Q & A on fertility problems for him

Q & A on fertility problems for him

Dr. Sijo J. Parekattil talks diagnosis and treatment

For a couple trying to conceive, the realization that there may be a physical problem preventing conception can be devastating. Infertility affects approximately 6.1 million individuals throughout the United States. However, the diagnosis doesn’t mean impossible and for couples in Polk County, help is, literally, right around the corner.

“It is a frustrating and emotionally charged journey – but totally worth it,” says Sijo J. Parekattil, M.D., Director, Center for Urology/Robotics Institute, Winter Haven Hospital and Polk County Medical Association member. “The most important keys are to find a specialist that you feel comfortable working with and not to give up hope.”

Here, Dr. Parekattil discusses men’s infertility, often overlooked but as common as women’s infertility.

Central Florida Health News (CFHN): What tests are used to determine if the male partner has a problem with infertility?

Dr. Parekattil: The evaluation of the male partner includes a history, physical exam, and testing such as semen analysis and hormone evaluation.

CFHN: What are the most common problems for a man and what can be done to help?

Dr. Parekattil: Common issues for the male include a varicocele (varicose veins around the testicle that can reduce sperm count and motility), hormonal imbalances, or some type of congenital obstruction in the reproductive tract. Varicoceles can be microsurgically repaired; hormonal imbalances can be treated with specific medications; and certain types of congenital obstruction can be reconstructed. Winter Haven Hospital’s Center for Urology/Robotics Institute is one of the only dedicated robotic microsurgery male infertility centers in the country.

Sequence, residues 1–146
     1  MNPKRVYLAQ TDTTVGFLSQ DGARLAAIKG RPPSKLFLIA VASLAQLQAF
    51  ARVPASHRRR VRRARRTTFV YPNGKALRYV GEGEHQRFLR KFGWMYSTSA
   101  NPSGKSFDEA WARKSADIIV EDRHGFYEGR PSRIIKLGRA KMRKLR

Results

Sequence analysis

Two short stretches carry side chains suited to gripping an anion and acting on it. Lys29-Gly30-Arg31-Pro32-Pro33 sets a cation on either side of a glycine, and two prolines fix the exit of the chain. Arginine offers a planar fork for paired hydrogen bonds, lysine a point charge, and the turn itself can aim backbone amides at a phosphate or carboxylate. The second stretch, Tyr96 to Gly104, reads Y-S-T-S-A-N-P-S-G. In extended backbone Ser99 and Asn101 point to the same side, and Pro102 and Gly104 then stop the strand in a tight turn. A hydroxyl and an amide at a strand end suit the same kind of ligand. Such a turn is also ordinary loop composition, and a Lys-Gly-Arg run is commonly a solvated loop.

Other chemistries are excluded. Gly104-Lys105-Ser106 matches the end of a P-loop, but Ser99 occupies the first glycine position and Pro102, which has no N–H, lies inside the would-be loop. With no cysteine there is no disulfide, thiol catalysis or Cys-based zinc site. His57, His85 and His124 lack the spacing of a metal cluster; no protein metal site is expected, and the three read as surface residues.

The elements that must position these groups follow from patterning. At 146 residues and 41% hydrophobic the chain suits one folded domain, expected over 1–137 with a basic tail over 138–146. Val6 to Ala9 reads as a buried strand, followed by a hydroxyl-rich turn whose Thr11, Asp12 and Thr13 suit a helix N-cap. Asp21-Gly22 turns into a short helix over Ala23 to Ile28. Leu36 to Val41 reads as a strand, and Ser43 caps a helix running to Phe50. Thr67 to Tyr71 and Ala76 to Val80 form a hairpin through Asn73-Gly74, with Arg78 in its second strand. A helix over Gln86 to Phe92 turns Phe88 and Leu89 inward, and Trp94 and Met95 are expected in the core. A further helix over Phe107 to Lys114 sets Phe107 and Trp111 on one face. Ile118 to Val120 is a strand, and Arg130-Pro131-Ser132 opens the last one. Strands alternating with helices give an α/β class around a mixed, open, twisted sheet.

CFHN: Are there any new procedures/medicines to help with men’s infertility?

Dr. Parekattil: Physicians at Winter Haven Hospital’s Center for Urology and the Robotic Institute (www.roboticinfertility.com) offer new novel robotic-assisted, microsurgical procedures for the treatment of varicoceles and congenital obstructions. These procedures offer some new options for male patients with infertility issues. We are also performing vasectomy reversals using the robotic microsurgical platform that seems to be allowing patients to have a faster rate of return of sperm counts. Without treatment, usually only about 10-15 percent of couples who have infertility issues achieve a pregnancy. However, with treatment, these rates may go up to as high as 40-60 percent.

CFHN: How can a couple adjust their sexual habits to promote conception?

Dr. Parekattil: We recommend that couples have intercourse every other day and make it part of their normal routine to reduce possible stress of having to perform on demand. Also, intercourse should be timed for exactly the point of ovulation.

 

CFHN: What should a couple look for in an infertility specialist?

Dr. Parekattil: Usually centers that offer male infertility services tend to provide more options for the patients as well since male factor infertility tends to be overlooked. It is hard to find male infertility specialists and there are only a few fellowship-trained male infertility specialists in the country.

“It is a stressful time for both partners and really not an issue of who is responsible for infertility. We work with both partners to optimize the fertility potential of each partner so that as a couple, they can achieve their goal of parenthood,” Dr. Parekattil adds. “Having been an infertility patient myself, it helps to let them know that they are not alone and that we will work with them as a team to try to achieve a solution.”

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